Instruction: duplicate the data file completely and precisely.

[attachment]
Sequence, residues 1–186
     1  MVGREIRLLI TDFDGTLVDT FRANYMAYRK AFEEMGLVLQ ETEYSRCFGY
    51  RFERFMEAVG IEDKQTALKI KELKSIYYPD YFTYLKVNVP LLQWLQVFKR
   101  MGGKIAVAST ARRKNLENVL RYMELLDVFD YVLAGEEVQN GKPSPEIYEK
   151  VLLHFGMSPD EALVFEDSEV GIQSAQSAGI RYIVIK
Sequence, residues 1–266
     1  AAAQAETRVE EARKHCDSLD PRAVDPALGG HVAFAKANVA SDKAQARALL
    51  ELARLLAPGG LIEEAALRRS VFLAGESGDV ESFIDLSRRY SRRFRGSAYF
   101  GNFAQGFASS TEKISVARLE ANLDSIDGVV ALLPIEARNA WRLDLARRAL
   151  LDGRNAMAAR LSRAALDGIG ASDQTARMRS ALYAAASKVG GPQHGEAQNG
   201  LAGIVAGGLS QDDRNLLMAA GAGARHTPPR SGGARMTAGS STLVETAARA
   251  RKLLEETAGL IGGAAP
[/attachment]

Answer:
Sequence, residues 1–186
     1  MVGREIRLLI TDFDGTLVDT FRANYMAYRK AFEEMGLVLQ ETEYSRCFGY
    51  RFERFMEAVG IEDKQTALKI KELKSIYYPD YFTYLKVNVP LLQWLQVFKR
   101  MGGKIAVAST ARRKNLENVL RYMELLDVFD YVLAGEEVQN GKPSPEIYEK
   151  VLLHFGMSPD EALVFEDSEV GIQSAQSAGI RYIVIK
Sequence, residues 1–266
     1  AAAQAETRVE EARKHCDSLD PRAVDPALGG HVAFAKANVA SDKAQARALL
    51  ELARLLAPGG LIEEAALRRS VFLAGESGDV ESFIDLSRRY SRRFRGSAYF
   101  GNFAQGFASS TEKISVARLE ANLDSIDGVV ALLPIEARNA WRLDLARRAL
   151  LDGRNAMAAR LSRAALDGIG ASDQTARMRS ALYAAASKVG GPQHGEAQNG
   201  LAGIVAGGLS QDDRNLLMAA GAGARHTPPR SGGARMTAGS STLVETAARA
   251  RKLLEETAGL IGGAAP